By Eric Keppeler email@example.com
The Tonawanda News
Tonawanda News — Right off the bat, Nehemiah Stone knew it was bad.
Participating in a skills camp in early August just a few short weeks before high school practices began, the junior North Tonawanda running took a hit and fell awkwardly — and the rest of the memory was washed out in a blur of pain.
“I was running the ball on a trap play. I made a cut but then got hit in the back and the knee gave out. It was easily the worst pain I’ve ever experienced in my life,” Stone said.
He had an MRI done on his left knee and discovered that he had suffered a partially torn ACL.
And after already posting two standout seasons with the Lumberjack varsity football squad, Stone abruptly thought he could kiss his junior season goodbye.
“I was devastated,” he said. “It was the worst thing ever, knowing that I couldn’t be out there with my team and play. I knew it was bad, but I wanted to play no matter what.”
So the 5-foot-8, 175-pound all-purpose player tried to gut it out once practice began a few weeks later.
But it didn’t last.
“He’s such a competitor,” coach Tony Truilizio said. “He thought he’d be fine because it started to feel better. Then we saw him get hit, and he buckled and said he was done.”
So the Lumberjacks opened the season without their star running back, linebacker and return man.
The results were not pretty as NT lost three straight games after beating Lake Shore in Week One of the season — all but ending any chance to make the sectional playoffs.
“Having to watch was horrible — especially those first three games that we lost,” Stone said. “I’m not saying we would have won if I had played, but it was tough to see.”
Stone was now faced with the decision of whether or not to have surgery to repair the ligament.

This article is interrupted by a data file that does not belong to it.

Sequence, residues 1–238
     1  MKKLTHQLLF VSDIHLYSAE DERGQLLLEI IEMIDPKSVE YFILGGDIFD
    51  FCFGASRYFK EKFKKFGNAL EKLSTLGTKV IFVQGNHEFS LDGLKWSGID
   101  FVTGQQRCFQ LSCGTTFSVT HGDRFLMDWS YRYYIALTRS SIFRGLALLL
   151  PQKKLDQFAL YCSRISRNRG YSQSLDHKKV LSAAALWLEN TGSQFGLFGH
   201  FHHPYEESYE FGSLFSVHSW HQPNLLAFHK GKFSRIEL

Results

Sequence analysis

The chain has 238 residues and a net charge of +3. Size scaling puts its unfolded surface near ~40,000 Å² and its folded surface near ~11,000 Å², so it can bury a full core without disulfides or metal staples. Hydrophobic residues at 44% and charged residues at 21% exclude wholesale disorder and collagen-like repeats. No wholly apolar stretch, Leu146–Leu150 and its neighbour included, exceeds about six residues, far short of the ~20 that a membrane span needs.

He said he was told that surgery would repair the damage, but the knee wouldn’t be as strong as it used to be. Not having surgery would take longer to heal, but it would grow back as strong as ever, he said.
And if he didn’t have surgery, he could theoretically play before the end of the season.
It was not a decision lightly made; the doctors told him there would be a risk of tearing the ligament further – although they said he could play.
Stone’s parents also gave their permission for him to play, so Truilizio decided to see how the rehab went.
“The parents were on board with the decision, and I certainly wasn’t going to bypass their wishes,” Truilizio said.
So after intensive physical therapy and acquiring a durable brace, Stone was able to rejoin the team.
The Jacks eased him back into the lineup, playing him only on the defensive side of the ball — but he still wound up leading the team in tackles.
“I didn’t know what to expect, or how much he could really do,” said Truilizio, who had a similar injury himself. “We’ve limited his playing time – to rush him back wouldn’t do anyone any good, him most of all. But he’s been more of an asset in every game.”
While he won’t get a shot at the playoffs this year, Stone’s consolation is this weekend’s rivalry game against Tonawanda.
And he relishes the opportunity to play in the game, after fearing that he’d lost that chance.
“It’s good to be back with the team,” Stone said. “Now I can’t wait to get out there — can’t wait to beat Tonawanda.”